"The second thing, which is probably the biggest, is really going deeply back to the novel. And, for me, understanding that the engine, and the heart and soul of the movie, was the mother-daughter relationship, and it was why I wrote the opening scene, which -- I don't want to give it away -- but that to me is the DNA of that entire relationship. You start that love affair and that duel right off the bat, and it is a ticking clock. You're going down this road: these people are going to keep fighting, Carrie's going to gain her independence, mom is going to become the underdog, and then Carrie's going to do something, and then it's going to flip back around, and it's going to be a fight to the death at the very end."
3. Discovering That 'Carrie' Is Actually a Superhero Origin Story
"I looked at the novel again, from a naturally modern perspective because we've had great superhero movies, superhero movies that we love. They have full-blown characters and journeys that we identify with. 'Oh, it's a superhero origin story.' So, for me, with 'Carrie' it was, 'With the period comes the power.' That's in King. But she's going to be discovering these powers. I'm going to be there with her the moment she discovers that she has a power. I'm going to be with her in her arc of learning, and I'm going to make sure she doesn't fully master them. So when she's [levitating] the books, she gets them up but then they're kind of out of control, and she's hiding it from the mother because the mother thinks that it's dangerous. It was important to me that when she goes to prom that she doesn't have mastery of those powers so that if something happens and she uses those powers, she's not willful in a certain way."
4. Finding Justice and Getting Revenge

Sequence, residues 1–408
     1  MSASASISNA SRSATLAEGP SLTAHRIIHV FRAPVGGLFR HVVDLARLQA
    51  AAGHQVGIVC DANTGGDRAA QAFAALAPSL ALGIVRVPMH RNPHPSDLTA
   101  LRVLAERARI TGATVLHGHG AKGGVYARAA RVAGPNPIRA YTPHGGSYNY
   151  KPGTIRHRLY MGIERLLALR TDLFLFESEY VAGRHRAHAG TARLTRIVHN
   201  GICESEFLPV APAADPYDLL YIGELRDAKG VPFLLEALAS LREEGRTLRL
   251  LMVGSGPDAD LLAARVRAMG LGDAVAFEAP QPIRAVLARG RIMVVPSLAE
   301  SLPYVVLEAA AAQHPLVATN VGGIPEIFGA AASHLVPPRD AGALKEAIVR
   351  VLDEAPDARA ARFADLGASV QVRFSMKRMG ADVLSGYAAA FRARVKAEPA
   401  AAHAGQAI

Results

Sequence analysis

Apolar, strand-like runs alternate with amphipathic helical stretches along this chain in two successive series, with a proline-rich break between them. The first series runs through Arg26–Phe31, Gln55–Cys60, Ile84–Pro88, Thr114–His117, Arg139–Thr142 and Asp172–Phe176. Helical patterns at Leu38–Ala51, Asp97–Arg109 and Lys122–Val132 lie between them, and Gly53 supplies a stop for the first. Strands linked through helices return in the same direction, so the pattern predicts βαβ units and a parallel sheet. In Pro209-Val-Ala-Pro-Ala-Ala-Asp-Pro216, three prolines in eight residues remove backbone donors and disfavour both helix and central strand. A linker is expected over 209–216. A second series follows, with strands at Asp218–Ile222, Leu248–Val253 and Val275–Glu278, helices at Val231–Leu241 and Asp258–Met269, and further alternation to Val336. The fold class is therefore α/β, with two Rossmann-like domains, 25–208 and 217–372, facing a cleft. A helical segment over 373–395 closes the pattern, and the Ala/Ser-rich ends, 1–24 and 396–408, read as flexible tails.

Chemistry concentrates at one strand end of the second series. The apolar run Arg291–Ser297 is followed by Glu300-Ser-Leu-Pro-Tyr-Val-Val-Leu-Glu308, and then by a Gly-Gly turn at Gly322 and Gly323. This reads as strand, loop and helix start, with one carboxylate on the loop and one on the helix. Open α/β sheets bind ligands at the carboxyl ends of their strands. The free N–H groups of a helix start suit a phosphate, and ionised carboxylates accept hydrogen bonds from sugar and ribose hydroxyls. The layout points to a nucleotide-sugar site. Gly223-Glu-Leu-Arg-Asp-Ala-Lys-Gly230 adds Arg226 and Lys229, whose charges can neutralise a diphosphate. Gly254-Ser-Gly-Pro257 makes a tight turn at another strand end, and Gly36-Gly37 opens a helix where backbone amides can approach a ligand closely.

"The other huge thing that was important to me, which you see in all my movies, is a sense of justice and, part and parcel with justice, is revenge. I think we love a justice story. So you had to love Carrie -- you had to be involved in her journey, you had to want her to get love and acceptance, you had to see the obstacles against her, you had to see her playing with the powers, you had see her get that invitation to prom and think, "Sue should apologize and you shouldn't go to prom, because this is not going to work." She goes anyway, and you still want to see her succeed. But you also secretly want to see it blow up. And when it does, it's important -- I changed it so that when Tommy goes down, Carrie is overwhelmed with grief. It's out of the grief that unconsciously the powers come out. And when they come out, that's when things happen. The damage is done."
And, when it comes to revenge, Peirce made a key thematic change that sets her "Carrie" apart from De Palma's. Turn back now if you're sensitive to spoilers.
"We wanted to feel that [Carrie] was just getting the people who had done this to her, and that was going to cause this gratification and joy. And I could tell [we had succeeded] when we were screening it, when people started saying, 'Prom is my favorite sequence, and I love it when she gets the people who did this to her.' Because I thought, 'That's what we want. That's the engine that powers the story.'"
"Carrie," starring Chloe Grace Moretz and Julianne Moore, opens Friday, October 18.
Tim Hayne (@tim_hayne) is Editor in Chief of Moviefone.